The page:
Arianna Huffington questions newspapers’“veneer of unassailable trustworthiness.”

“The death and life of the American newspaper”

 

Mal vi este artigo percebi logo que iria causar reacções pela blogosfera. Eric Alterman escreve sobre a os efeitos da web nos jornais, e das possíveis soluções para a sua sobrevivência. Vem mesmo a calhar logo a seguir ao meu post que aborda a nossa relação com os jornais. O artigo é extenso mas não é tempo perdido,e deverá ser um dos mais discutidos deste ano.

The minute i read this article i knew it would raise havoc in the blogsphere. Eric Alterman writes about the effects of the web on newspapers, and the possible solutions for their survival. It comes eactly right on time, after my post that talks about our relationship with newspapers. It’s a long article, but it’s not time wasted, and it will probably be one of the most discussed this year.

Only nineteen per cent of Americans between the ages of eighteen and thirty-four claim even to look at a daily newspaper. The average age of the American newspaper reader is fifty-five and rising.

Philip Meyer, in his book “The Vanishing Newspaper” (2004), predicts that the final copy of the final newspaper will appear on somebody’s doorstep one day in 2043.

Today’s consumers “want news on demand, continuously updated. They want a point of view about not just what happened but why it happened. . . . And finally, they want to be able to use the information in a larger community—to talk about, to debate, to question, and even to meet people who think about the world in similar or different ways.”

On the Huffington Post, Peretti explains, news is not something handed down from above but “a shared enterprise between its producer and its consumer.” Echoing Murdoch, he says that the Internet offers editors “immediate information” about which stories interest readers, provoke comments, are shared with friends, and generate the greatest number of Web searches. An Internet-based news site, Peretti contends, is therefore “alive in a way that is impossible for paper and ink.”

Arianna Huffington and her partners believe that their model points to where the news business is heading. “People love to talk about the death of newspapers, as if it’s a foregone conclusion. I think that’s ridiculous,” she says. “Traditional media just need to realize that the online world isn’t the enemy. In fact, it’s the thing that will save them, if they fully embrace it.”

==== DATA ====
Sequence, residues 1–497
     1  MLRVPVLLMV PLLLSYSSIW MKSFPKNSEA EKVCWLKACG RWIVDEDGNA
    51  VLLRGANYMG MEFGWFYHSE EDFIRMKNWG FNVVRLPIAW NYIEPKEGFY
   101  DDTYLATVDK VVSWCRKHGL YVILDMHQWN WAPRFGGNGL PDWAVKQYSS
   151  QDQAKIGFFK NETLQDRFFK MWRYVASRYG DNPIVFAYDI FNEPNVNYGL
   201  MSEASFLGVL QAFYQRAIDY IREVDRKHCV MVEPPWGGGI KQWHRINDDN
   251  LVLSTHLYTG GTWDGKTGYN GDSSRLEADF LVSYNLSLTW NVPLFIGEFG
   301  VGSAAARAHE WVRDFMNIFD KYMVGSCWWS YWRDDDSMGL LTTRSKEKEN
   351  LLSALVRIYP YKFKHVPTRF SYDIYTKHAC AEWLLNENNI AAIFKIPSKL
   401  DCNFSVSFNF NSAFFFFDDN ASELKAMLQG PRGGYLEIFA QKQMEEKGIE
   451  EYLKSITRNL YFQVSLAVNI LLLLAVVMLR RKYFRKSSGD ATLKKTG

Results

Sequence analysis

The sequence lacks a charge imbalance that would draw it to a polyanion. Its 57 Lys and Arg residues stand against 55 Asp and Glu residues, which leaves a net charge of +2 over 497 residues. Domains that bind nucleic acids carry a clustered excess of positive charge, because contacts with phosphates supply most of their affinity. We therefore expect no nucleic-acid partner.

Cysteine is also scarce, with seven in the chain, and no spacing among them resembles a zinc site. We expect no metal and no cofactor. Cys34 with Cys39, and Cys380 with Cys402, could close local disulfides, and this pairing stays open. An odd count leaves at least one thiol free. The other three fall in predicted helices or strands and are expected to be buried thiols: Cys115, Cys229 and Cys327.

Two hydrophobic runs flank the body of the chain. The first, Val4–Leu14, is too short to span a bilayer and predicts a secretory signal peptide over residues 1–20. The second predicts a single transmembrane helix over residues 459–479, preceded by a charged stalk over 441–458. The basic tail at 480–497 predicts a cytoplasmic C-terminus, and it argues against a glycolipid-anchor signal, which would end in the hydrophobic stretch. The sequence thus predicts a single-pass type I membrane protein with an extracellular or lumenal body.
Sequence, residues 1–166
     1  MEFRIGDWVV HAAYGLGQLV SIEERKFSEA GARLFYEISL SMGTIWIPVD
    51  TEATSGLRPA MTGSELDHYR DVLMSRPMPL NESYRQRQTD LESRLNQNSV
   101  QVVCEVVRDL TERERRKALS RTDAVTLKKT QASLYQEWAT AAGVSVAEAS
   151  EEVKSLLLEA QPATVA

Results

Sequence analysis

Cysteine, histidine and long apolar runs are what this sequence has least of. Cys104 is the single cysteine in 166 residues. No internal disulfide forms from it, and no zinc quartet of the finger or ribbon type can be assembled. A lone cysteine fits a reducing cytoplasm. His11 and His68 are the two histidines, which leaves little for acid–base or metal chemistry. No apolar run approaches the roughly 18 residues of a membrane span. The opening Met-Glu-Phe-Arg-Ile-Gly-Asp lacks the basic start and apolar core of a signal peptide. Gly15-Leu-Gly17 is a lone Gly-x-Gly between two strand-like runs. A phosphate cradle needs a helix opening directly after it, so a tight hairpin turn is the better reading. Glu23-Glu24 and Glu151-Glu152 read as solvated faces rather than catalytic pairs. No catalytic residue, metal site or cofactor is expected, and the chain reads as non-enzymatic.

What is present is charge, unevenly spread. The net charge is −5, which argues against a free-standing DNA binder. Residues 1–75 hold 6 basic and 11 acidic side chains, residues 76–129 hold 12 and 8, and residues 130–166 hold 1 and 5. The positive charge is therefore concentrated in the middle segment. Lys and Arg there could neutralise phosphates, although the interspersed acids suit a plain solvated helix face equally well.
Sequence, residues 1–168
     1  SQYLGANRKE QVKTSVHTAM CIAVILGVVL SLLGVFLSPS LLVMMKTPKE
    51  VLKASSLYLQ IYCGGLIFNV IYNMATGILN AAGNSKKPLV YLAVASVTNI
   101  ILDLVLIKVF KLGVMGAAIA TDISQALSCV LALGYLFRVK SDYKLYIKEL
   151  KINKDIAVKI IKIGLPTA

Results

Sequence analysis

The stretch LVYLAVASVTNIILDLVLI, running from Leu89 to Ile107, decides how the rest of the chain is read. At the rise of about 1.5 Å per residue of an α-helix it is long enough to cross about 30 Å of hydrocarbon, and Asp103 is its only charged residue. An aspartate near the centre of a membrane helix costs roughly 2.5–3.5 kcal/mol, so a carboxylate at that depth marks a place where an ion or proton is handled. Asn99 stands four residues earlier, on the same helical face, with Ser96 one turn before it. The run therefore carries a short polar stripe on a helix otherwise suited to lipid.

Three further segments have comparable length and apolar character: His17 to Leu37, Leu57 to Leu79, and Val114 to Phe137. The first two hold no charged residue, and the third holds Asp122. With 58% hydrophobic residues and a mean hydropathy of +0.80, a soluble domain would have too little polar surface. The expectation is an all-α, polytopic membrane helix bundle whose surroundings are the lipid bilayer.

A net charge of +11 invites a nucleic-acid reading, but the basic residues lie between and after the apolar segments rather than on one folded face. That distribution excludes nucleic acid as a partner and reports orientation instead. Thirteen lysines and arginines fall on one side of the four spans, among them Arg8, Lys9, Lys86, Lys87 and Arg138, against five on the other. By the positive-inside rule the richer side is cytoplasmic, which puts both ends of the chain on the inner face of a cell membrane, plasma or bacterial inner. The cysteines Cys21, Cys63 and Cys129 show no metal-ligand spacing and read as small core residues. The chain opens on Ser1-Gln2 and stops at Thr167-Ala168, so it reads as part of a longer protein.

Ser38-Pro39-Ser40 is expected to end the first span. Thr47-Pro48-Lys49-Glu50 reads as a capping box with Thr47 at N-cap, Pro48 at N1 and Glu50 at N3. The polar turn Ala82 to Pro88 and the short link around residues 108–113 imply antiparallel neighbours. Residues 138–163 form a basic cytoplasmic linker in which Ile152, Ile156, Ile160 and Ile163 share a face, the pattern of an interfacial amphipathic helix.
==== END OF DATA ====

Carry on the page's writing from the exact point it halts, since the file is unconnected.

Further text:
The death and life of the American newspaper

O nosso romance com os jornais | Our romance with newspapers

The New Yorker on the history and future of newspapers and blogs

 

 

Continue a ler ‘“The death and life of the American newspaper”’

25
Mar
08

As notícias no mapa | Mapping the news

“MetaCarta lets you search for news using a map.”

“A Cambridge, Mass.-based company is launching a free Web site that maps news articles to their location on a map.

MetaCarta indexes more than 1,400 sources, including stories from the Associated Press, Reuters, and other news sites and blogs.”

MetaCarta: Mapping the news, CNet

MetaCarta

Continue a ler ‘As notícias no mapa | Mapping the news’

24
Mar
08

Público ligado à blogosfera

Notícias comentadas em blogs vão ter links para posts externos

De acordo com um comunicado da empresa, o Público vai passar a utilizar uma ferramenta chamada Twingly, que cria ligações directas aos blogs que comentem notícias do site do jornal. O objectivo é criar uma comunidade activa de leitores.

Esta é a primeira vez que o PÚBLICO faz ligações deste género para fora do seu próprio site.

 

Público faz links para blogs

Notícias do PUBLICO.PT com ligação à blogosfera

Cá está um exemplo de como funciona 

publicopttwingly.gif

Continue a ler ‘Público ligado à blogosfera’